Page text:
5. That Sound…

The clean, warm resonance of an acoustic guitar is always a pleasure to listen to. No matter how many effects or special gadgets you have, that warm woody tone is nearly impossible to replicate using an electric guitar.

6. Less Room for Error

Because there is no distortion or effects cloaking the sound of the acoustic guitar, a greater degree of precision is required to ensure you’re technique, tone and note selection are consistent. This greater attention to detail will make you a better guitarist in the long run.

7. You Can Practice At Moderate Volumes

Many electric guitars and amps need to be blasted at full volume to get the tone you’re looking for. Or you have to play through headphones or unplugged so as not to disturb your neighbors.

But no one’s ever complained of an acoustic guitar player being too loud. The volume is just right for practicing at home without disturbing others, while still being loud enough to fully appreciate the tone of your instrument.

8. Your Skills Will Transfer Easily

The skills you learn on the acoustic, such as rhythm playing and chords will transfer very easily over to the electric guitar. However, when I started on the electric guitar and then switched to acoustic, I realized all I knew how to play were a few power chords and some fancy guitar licks.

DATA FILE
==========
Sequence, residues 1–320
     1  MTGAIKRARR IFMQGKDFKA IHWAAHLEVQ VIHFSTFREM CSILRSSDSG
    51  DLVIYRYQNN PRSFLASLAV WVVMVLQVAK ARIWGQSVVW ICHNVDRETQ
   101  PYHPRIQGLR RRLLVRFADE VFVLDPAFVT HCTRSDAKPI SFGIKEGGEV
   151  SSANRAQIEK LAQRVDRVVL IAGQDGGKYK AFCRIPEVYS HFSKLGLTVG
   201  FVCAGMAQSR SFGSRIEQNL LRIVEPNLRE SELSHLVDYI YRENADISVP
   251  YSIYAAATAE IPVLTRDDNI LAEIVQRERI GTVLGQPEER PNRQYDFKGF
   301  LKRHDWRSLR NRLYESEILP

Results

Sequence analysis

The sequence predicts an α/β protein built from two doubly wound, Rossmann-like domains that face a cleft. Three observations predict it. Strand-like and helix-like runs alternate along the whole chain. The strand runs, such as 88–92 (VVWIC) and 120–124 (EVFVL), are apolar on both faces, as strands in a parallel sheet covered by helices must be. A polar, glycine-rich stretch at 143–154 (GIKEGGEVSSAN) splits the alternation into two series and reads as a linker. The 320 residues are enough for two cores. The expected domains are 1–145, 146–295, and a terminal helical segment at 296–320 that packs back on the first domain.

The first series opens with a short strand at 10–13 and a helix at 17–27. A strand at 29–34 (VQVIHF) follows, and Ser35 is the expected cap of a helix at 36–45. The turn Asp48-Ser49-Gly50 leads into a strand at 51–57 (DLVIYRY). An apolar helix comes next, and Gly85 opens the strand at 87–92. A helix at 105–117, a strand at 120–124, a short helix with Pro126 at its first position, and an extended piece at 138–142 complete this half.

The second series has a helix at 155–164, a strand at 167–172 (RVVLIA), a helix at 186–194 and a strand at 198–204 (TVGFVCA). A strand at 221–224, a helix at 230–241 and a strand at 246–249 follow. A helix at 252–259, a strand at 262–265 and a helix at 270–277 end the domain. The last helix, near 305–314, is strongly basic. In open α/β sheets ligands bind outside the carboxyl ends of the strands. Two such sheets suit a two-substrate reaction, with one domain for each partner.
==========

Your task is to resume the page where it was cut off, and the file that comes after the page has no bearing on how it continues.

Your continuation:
In my opinion, I now think that the acoustic guitar often builds a better foundation than the electric.

Ready to Get Better at Guitar, Faster?

Whenever you’re ready to take your guitar playing to the next level, check out a few of my favorite resources below:

The Best Acoustic Guitar Strings – A unique polymer coating makes these guitar strings last for months or even years at a time, making for an exceptional value. They provide the perfect mix of boom, range, twang, and brightness that acoustic music is known for. — CLICK HERE TO LEARN MORE

The Best Acoustic Guitar – Beloved by everyone from Paul Simon to Gordon Lightfoot, the Martin D-18 is one of Martin’s most legendary guitars ever… It’s an excellent, premier quality acoustic guitar for bluegrass, country, folk, rock and more. This is also what I play myself — CLICK HERE TO LEARN MORE

Chords, Tabs & Video Lessons for 100 Epic Songs – This free guide that I created for fellow guitarists gives you chords, tabs, and video lessons for the 100 best songs to learn on guitar… I spent many hours putting this guide together to help you get better at guitar, faster. — CLICK HERE TO GET IT FREE

Fingerpicking vs Flatpicking Guitar – Learn which picking style is right for YOU by exploring examples, history, and popular players of each style. Discover essential techniques and pros and cons of each approach. — CLICK HERE TO GET IT FREE

Corbin Buff

Corbin has played guitar for over a decade, and started writing about it on Acoustic World in an effort to help others. He lives and writes in western Montana.